Blender 3.3 Released With Intel oneAPI Backend, Improved AMD HIP Support
Among the many changes to find with today's Blender 3.3 release are:
- Initial support for Intel oneAPI back-end with the Cycles renderer. This is intended for use with Intel Arc Graphics / Data Center discrete GPUs and not existing integrated Intel graphics. This requires also using recent Intel compute driver releases. This is still work-in-progress and look for more Intel GPU acceleration in future releases.
- The AMD HIP back-end has been extended to now work going back to GFX9/Vega hardware on Windows and Linux. RDNA1 and GFX9/Vega issues were worked out since Blender 3.2 to allow broader AMD Radeon GPU support for Blender.
- Improved Apple Metal rendering GPU performance on macOS.
- OpenVDB volumes are rendered with half-float rather than full-float precision to yield significantly lower memory usage.
- NVIDIA's OptiX denoiser has better performance now when rendering with multiple NVIDIA GPUs.
- "Drastically improved" drawing performance when sculpting with EEVEE enabled.
- Much better performance for LineArt with the grease pencil.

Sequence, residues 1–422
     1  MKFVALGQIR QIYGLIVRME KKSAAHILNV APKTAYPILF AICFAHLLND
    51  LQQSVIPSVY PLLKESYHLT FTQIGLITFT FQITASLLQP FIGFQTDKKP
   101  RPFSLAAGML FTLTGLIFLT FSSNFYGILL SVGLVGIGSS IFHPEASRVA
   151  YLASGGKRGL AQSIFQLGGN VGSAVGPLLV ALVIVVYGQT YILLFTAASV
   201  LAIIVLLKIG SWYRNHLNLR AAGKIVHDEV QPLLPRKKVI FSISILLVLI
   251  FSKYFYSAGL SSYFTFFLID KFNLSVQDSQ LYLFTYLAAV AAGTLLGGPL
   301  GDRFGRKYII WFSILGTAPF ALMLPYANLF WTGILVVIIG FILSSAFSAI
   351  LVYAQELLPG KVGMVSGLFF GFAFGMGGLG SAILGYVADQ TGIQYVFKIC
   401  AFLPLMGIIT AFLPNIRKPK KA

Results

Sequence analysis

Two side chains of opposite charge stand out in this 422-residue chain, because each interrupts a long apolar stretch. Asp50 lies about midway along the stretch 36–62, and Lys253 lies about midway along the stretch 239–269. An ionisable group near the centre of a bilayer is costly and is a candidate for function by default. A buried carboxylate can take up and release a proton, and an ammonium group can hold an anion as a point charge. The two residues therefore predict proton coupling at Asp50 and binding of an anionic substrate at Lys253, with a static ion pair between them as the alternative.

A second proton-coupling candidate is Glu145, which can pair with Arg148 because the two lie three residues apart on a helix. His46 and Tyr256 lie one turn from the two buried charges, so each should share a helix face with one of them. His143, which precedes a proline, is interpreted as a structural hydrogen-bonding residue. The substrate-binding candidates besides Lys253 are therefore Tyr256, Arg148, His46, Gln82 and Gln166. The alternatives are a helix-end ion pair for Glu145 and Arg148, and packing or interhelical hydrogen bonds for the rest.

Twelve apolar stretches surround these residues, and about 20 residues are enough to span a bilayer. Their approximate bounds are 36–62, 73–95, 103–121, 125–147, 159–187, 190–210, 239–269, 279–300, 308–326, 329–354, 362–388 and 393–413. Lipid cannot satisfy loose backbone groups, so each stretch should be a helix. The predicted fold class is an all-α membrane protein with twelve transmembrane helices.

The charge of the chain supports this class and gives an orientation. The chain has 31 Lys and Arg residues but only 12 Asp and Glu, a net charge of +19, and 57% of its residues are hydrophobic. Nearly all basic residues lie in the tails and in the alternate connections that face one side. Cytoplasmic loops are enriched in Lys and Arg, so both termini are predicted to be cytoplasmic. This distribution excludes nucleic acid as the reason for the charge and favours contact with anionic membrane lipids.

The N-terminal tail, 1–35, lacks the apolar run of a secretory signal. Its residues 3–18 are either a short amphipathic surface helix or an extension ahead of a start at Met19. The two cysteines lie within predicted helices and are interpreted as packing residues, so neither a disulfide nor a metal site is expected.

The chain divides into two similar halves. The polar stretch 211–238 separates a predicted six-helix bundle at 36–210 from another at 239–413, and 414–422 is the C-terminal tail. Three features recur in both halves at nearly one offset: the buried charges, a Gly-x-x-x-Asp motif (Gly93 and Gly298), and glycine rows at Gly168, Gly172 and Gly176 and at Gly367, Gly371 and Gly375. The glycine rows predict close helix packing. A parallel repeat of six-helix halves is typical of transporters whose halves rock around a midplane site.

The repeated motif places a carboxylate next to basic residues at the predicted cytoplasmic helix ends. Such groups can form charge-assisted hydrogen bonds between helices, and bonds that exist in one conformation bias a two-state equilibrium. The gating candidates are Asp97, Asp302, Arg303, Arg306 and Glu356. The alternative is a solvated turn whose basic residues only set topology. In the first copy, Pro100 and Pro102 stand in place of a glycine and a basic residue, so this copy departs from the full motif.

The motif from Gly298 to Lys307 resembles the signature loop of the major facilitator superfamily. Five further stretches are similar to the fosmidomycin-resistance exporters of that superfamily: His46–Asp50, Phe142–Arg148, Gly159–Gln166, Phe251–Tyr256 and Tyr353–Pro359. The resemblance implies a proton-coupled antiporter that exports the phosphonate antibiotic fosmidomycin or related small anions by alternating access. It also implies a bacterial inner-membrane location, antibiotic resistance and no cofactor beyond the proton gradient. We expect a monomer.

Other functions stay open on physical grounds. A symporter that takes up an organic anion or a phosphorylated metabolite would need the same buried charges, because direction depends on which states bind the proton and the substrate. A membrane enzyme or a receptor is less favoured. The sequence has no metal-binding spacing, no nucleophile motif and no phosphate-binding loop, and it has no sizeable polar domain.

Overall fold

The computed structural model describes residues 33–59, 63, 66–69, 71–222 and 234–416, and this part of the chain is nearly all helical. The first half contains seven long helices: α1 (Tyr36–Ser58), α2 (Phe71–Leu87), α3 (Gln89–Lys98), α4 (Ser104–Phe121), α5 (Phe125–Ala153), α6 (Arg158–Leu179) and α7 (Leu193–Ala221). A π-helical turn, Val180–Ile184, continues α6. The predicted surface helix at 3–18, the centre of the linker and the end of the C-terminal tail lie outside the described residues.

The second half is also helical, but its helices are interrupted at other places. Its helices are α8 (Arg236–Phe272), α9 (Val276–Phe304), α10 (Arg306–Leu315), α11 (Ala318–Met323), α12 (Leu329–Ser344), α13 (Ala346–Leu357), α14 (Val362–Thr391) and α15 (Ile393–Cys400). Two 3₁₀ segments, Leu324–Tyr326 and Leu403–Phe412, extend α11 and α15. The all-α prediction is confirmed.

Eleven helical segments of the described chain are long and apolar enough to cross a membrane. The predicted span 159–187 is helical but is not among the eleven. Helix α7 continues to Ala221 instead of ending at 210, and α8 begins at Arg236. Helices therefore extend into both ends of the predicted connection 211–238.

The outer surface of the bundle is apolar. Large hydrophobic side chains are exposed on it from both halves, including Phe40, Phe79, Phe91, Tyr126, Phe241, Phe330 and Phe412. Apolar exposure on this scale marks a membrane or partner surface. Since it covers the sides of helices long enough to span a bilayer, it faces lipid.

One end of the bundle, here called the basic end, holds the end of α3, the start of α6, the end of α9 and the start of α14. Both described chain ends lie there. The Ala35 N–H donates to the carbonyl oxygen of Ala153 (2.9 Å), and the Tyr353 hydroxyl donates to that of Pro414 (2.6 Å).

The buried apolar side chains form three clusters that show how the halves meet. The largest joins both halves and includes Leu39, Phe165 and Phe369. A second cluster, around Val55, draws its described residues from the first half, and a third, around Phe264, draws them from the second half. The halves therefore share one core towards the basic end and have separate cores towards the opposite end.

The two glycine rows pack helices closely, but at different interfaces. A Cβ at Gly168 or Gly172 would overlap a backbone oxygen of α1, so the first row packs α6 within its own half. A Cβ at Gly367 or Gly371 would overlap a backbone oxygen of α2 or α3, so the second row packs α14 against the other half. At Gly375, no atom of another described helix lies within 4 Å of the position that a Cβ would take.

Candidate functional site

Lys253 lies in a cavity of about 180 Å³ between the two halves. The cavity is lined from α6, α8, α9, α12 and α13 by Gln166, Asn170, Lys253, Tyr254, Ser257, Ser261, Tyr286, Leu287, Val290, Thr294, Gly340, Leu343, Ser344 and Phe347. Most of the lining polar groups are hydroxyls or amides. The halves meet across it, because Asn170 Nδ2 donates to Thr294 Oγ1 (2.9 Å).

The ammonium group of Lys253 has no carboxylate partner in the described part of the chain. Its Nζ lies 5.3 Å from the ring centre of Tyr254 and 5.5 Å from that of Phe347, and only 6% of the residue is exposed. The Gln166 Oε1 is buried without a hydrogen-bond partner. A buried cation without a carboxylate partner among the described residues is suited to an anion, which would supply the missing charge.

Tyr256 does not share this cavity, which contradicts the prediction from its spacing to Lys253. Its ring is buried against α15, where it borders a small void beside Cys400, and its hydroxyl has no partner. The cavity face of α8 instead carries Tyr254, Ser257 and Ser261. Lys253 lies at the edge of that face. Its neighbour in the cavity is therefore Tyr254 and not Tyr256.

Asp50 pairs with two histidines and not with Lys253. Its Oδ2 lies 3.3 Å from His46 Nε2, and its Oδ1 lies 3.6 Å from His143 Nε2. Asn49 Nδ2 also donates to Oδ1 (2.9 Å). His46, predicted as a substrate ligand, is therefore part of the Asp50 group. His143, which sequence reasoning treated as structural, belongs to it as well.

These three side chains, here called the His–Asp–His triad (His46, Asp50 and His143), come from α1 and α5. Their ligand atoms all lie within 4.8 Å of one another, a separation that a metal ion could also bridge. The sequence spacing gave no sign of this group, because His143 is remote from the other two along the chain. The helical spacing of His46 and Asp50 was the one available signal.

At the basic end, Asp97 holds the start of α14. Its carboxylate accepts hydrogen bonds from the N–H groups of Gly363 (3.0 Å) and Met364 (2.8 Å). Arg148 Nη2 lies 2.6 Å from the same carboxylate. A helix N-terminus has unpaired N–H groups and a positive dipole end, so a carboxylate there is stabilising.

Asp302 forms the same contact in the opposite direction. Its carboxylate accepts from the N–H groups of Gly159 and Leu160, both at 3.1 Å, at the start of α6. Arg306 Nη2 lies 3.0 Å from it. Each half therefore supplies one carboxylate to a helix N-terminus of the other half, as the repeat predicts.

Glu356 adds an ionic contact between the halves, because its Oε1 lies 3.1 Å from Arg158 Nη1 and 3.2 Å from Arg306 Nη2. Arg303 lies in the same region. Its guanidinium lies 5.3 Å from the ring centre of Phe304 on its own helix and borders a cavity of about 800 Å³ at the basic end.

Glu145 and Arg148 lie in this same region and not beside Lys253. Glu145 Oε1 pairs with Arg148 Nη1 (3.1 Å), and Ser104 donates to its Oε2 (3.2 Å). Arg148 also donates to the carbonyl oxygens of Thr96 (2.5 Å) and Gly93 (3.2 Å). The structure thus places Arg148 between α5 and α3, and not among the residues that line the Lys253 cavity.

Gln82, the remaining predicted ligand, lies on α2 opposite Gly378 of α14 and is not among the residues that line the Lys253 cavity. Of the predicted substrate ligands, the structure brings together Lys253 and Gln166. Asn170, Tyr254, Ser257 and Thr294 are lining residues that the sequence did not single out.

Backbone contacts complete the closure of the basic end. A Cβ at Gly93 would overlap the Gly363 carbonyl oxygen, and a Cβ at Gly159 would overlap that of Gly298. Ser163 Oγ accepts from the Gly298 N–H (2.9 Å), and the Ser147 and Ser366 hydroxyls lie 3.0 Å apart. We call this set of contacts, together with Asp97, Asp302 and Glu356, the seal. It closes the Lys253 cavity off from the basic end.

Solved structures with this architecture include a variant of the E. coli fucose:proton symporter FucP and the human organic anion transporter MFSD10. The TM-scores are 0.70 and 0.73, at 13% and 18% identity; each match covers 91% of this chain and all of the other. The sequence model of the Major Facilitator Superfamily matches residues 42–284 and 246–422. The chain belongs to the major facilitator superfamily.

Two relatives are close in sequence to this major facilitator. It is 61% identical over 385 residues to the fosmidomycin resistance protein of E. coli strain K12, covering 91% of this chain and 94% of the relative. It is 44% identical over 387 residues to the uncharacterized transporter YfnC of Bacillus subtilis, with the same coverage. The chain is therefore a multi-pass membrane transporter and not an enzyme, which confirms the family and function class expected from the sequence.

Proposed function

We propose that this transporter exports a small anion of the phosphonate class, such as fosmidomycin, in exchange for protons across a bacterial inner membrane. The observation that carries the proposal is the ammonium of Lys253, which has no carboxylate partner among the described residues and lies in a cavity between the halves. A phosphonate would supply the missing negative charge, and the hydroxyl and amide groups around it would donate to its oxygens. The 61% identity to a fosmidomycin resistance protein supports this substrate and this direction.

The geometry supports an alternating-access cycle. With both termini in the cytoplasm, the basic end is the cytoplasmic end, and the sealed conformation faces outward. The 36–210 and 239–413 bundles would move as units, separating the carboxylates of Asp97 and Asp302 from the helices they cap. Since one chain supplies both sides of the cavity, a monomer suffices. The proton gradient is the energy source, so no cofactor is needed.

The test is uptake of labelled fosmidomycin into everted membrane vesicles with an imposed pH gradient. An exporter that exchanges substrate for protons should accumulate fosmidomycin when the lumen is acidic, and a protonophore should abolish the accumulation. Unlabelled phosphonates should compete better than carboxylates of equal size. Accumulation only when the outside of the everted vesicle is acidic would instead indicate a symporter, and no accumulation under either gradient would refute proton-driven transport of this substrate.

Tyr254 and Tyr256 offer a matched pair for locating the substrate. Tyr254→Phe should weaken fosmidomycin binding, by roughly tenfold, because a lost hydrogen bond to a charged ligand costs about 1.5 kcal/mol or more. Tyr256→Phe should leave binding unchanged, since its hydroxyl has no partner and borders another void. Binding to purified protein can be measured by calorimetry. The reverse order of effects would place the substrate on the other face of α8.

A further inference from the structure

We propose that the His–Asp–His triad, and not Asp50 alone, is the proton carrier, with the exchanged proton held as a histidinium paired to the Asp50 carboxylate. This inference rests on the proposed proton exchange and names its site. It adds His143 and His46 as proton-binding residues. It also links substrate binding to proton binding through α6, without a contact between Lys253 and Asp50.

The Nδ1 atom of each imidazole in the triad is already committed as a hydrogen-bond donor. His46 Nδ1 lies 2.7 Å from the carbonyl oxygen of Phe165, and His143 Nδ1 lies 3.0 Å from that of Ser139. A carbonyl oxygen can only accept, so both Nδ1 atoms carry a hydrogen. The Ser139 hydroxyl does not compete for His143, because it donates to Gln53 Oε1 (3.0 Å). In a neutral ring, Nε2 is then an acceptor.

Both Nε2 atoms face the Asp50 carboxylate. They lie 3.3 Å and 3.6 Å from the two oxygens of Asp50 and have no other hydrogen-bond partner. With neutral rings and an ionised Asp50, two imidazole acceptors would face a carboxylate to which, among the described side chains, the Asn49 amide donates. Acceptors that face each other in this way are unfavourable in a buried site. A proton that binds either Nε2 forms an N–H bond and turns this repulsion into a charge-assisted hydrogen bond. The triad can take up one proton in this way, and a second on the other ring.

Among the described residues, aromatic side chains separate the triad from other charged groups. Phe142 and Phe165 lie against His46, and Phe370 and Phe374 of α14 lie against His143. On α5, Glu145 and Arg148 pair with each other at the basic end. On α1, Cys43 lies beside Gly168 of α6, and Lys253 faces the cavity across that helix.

- A new hair workflow is possible with the new curves object type that has a sculpt mode intended for hair grooming.
- Improved usability of the Library Overrides UI/UX.
- Full support for camera's background images.
- JPEG preview thumbnails are created faster while also using less RAM. EXR preview thumbnail images should also consume less RAM.
- Font fallback support.
- Various performance improvements to geometry nodes.
- Improved performance when importing USD / Alembic / OBJ files with large numbers of objects. For a USD production scene with 260 thousand objects its reported to drop from 3.5 hours to 1.5 minutes.
- A new experimental STL importer that is written in C++ and about eight times faster than the former Python-written STL importer.
- glTF 2.0 handling improvements for import/export.
More details on Blender 3.3 via the release notes. Blender 3.3 downloads are available from Blender.org.
Also notable with Blender 3.3 is that it's a long-term support (LTS) release for providing fixes and updates for a two-year timespan. I'll have up new Blender benchmarks for Blender 3.3 shortly for various CPUs and GPUs.